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This course is a comprehensive guide to the popular digital audio software from Apple, demonstrating the tools and techniques to create, edit, and publish music and podcasts. Author Todd Howard covers the ins and outs of the application, from interfacing with external devices, exploring Apple Loops, and recording instrument and vocal tracks to creating successful mixes, performing edits, and sharing finished projects. Additionally, the course introduces the new features in GarageBand '11, including Flex Time and Groove Matching, which provide powerful methods for editing and tightening up the rhythmic timing of tracks.
To create a new software instrument track, press Option+Command+N, and select Software Instrument if you intend to use a MIDI keyboard, drum controller, or wind controller, any MIDI-capable input device, to trigger sounds from within GarageBand. You can use a MIDI keyboard to play grand piano sounds, or analog lead synth sounds, or any of a huge variety of sound effects in virtual instruments like cellos, horns, electric piano, and drums. You've started out with a Grand Piano sound selected by default, and to change this or to explore the sound library on the hunt for that perfect instrument, you can just explore the Track Info panel and hit Command+I if it's not showing.
Or press the little i button in the lower right--that will open and close it. And just start clicking and playing your MIDI keyboard and see if there are some things that you like. (music playing) You know you can actually get into all sorts of crazy stuff here. (music playing) We have a whole horn section.
This brings up a good point. The small arrow to the right of any of these sound names, you will see that in a few of the categories here there, Mallets don't have any, Keyboards have two, so this is an indication that these were among the sounds that were not installed when you first ran your GarageBand installer or when you got your new Mac and GarageBand was already on there. They don't install all of the loops and software instruments from the very beginning, so it sort of makes for a quicker installation process. It's especially helpful now that GarageBand is available through the Mac App Store and no longer on the iLife DVD that used to just be able to install all the libraries at once.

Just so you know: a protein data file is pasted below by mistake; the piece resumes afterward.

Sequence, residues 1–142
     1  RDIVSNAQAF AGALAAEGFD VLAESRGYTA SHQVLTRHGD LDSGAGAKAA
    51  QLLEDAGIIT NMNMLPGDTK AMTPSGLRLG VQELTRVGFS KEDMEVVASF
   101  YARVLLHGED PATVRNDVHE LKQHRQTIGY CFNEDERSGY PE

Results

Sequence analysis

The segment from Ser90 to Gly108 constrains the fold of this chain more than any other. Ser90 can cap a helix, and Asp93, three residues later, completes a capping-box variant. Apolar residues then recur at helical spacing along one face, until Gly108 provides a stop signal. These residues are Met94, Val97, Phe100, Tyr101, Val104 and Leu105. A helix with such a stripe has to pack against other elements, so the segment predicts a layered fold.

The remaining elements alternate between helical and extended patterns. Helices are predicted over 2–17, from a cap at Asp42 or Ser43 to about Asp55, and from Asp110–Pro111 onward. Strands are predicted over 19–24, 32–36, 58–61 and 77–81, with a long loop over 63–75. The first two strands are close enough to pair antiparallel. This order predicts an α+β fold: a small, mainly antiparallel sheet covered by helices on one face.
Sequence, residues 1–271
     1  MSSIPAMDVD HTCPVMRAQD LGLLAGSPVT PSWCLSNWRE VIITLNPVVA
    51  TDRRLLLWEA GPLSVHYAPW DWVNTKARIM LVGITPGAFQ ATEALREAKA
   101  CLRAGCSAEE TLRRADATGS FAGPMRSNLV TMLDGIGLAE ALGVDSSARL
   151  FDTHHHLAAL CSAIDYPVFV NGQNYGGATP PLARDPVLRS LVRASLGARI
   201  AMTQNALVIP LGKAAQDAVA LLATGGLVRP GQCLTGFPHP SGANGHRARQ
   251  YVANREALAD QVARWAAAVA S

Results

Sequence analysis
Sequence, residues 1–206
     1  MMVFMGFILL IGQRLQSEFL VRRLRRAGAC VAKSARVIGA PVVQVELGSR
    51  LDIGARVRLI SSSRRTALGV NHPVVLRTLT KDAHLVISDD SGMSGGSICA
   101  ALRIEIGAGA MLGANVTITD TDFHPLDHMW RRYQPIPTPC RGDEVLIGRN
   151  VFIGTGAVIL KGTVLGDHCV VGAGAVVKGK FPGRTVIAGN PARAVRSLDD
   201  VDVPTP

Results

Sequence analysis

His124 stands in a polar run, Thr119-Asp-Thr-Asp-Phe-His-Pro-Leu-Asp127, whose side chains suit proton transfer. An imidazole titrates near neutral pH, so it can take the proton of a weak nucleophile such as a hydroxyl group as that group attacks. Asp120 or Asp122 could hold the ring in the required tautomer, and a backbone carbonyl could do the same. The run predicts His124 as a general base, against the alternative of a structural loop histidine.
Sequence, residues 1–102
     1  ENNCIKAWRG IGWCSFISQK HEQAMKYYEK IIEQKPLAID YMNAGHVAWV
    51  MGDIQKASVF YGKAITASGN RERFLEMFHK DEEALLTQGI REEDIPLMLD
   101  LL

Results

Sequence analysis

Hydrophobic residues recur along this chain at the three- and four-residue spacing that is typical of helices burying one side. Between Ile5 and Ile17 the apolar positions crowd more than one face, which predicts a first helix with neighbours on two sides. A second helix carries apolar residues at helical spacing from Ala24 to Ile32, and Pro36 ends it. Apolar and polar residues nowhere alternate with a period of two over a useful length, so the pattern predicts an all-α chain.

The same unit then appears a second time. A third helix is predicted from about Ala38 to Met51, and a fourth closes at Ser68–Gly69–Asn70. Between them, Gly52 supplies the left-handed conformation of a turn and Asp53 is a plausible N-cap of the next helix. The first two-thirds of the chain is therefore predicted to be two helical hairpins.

So they leave them out, and you can just click on them and you get this message, "Software Instrument or Apple Loop selected is not currently installed." And if we want to install them. let's just go ahead and say Download Now and click OK and it'll go ahead and find out what we need and bring up Software Update. Now you can either just click Install or if you want to say Show Details, you can see exactly what Software Update thinks your system currently needs. Looks like we need a couple of other updates here as well, but the one that I want to point out is GarageBand Instruments and Apple Loops, you will see, is something that you can download to complete the full installation of GarageBand.
It's 1.2 gigabytes of sounds and loops. Right now I am not going to go ahead and spend that time. You certainly don't need to watch this progress bar go. But you may want to actually run that on your own version of GarageBand and make sure that you have all of the loops and software instruments that you might want. I am going to say Not Now. Let's move back to GarageBand here. So for now we can't use Grant Piano Punchy or On Stage because they are not currently installed. So we'll just switch back to Grand Piano, and that's our sound that we have going. And notice that GarageBand continues to update the name of our track each time we click a new software instrument.